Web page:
The calamity of 2018 and 2022 merely confirms football’s status in the modern world; an industry that is willing to take money from whoever wants to push it their way. Furthermore, if it is still the people’s game, the consequences of staging the sport should also be part of the agenda. Depending on who you speak to, too many lives have been lost and compromised in the country that is about to stage the biggest sporting event on the planet. It’s a shame that its reputation has long been tarnished and the longer-term impact will be open for debate for years.

FIFA and UEFA must learn from the Russia and Qatar experience

Football was warned about Russia and is being cautioned over Qatar. For a game that goes to great lengths to virtue signal whenever it can and attach itself to causes, from rainbow laces to food poverty, not to mention the black lives matter campaign, football can be pretty naïve sometimes. Or maybe it is simply seduced by money and bullied by professional politicians?

The latest threat to football’s sanity – and credibility – is crypto currency, snake-oil salesmen are pitching up with their beards, tattoos and baseball caps, calling everyone “guys” and promising to make fans beneficiaries of possibly the greatest example of smoke and mirrors since Danny Kaye sang about a Danish king being in the “altogether”.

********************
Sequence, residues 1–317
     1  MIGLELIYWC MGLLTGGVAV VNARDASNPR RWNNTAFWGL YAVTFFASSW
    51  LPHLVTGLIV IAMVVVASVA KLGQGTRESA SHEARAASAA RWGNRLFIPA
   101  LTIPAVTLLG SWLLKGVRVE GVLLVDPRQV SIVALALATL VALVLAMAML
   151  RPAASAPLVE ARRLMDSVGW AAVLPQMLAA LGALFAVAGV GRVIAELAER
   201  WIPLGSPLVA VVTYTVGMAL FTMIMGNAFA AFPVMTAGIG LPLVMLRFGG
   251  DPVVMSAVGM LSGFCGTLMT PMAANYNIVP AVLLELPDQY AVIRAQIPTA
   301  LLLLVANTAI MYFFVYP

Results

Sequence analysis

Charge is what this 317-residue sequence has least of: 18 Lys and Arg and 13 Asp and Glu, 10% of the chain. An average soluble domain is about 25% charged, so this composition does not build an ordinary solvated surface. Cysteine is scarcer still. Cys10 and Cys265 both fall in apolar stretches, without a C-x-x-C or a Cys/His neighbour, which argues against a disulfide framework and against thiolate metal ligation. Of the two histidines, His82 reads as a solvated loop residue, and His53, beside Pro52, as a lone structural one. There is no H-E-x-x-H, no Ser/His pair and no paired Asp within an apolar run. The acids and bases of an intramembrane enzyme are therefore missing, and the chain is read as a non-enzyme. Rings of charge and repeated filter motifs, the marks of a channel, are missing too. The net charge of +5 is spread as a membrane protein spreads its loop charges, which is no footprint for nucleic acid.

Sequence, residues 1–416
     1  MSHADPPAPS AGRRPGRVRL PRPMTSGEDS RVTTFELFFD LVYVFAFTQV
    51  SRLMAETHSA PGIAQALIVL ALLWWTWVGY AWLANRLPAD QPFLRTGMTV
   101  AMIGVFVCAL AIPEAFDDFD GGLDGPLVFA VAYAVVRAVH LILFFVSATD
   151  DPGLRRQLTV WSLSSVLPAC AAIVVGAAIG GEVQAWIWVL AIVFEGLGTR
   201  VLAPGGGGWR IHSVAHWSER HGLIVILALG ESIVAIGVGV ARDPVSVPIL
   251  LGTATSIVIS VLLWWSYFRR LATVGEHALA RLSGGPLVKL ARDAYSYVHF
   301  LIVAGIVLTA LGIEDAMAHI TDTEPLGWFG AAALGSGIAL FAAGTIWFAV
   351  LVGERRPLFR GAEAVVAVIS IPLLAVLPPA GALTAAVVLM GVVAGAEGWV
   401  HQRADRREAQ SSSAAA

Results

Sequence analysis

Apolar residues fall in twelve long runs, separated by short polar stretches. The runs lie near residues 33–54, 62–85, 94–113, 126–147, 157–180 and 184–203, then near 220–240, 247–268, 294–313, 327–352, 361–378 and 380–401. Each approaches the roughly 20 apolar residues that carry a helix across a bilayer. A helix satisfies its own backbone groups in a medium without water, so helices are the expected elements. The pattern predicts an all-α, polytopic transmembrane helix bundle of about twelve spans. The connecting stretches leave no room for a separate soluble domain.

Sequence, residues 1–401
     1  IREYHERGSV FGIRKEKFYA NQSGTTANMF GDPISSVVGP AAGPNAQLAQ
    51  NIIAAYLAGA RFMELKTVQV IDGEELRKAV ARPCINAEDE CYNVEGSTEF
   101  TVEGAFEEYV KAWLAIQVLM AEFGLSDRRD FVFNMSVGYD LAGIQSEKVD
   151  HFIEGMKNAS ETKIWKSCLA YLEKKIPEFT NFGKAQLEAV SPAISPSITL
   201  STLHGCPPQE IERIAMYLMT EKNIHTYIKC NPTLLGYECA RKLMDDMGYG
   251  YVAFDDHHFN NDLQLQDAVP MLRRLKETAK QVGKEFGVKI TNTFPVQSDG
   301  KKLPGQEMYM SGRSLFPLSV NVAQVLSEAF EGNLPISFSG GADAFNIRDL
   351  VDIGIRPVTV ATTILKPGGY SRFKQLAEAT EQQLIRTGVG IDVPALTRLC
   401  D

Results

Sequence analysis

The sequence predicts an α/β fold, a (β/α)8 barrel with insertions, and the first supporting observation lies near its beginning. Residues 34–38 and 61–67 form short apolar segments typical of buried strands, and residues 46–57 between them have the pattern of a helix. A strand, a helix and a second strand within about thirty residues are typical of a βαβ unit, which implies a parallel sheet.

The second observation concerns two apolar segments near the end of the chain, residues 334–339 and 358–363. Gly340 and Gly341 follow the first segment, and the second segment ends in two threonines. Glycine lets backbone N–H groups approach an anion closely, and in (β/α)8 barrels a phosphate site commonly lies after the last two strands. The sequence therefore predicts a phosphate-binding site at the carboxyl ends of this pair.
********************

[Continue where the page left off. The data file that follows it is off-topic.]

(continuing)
But this is merely part of a trend of delusion that has engulfed football for some years. Football’s governing bodies have shown they are more than capable of being attracted to shiny things, such as buckets of money from sponsors or backers that will use the world’s most popular sport to launder their image (if not their money).

FIFA were lambasted for awarding the 2018 World Cup to Russia, UEFA were criticised for allowing Russia’s Gazprom for having such an influence on European football. The Gazprom logo became ubiquitous, their strange, partly-animated TV ads were somewhat ominous for as well as lighting up the Champions League, they also had the power to switch off Europe. The willingness to jump into bed with anyone willing to bring along their wheelbarrows full of cash, not only paints people as foolhardy, it also suggests procedures such as due diligence and reputational risk are severely lacking. Notwithstanding the stupidity of continually expanding competitions, increasing fixture lists and greasing-up to nations with dubious human rights records, most of the sensible world has told FIFA and UEFA, repeatedly, they are making very damaging misjudgements.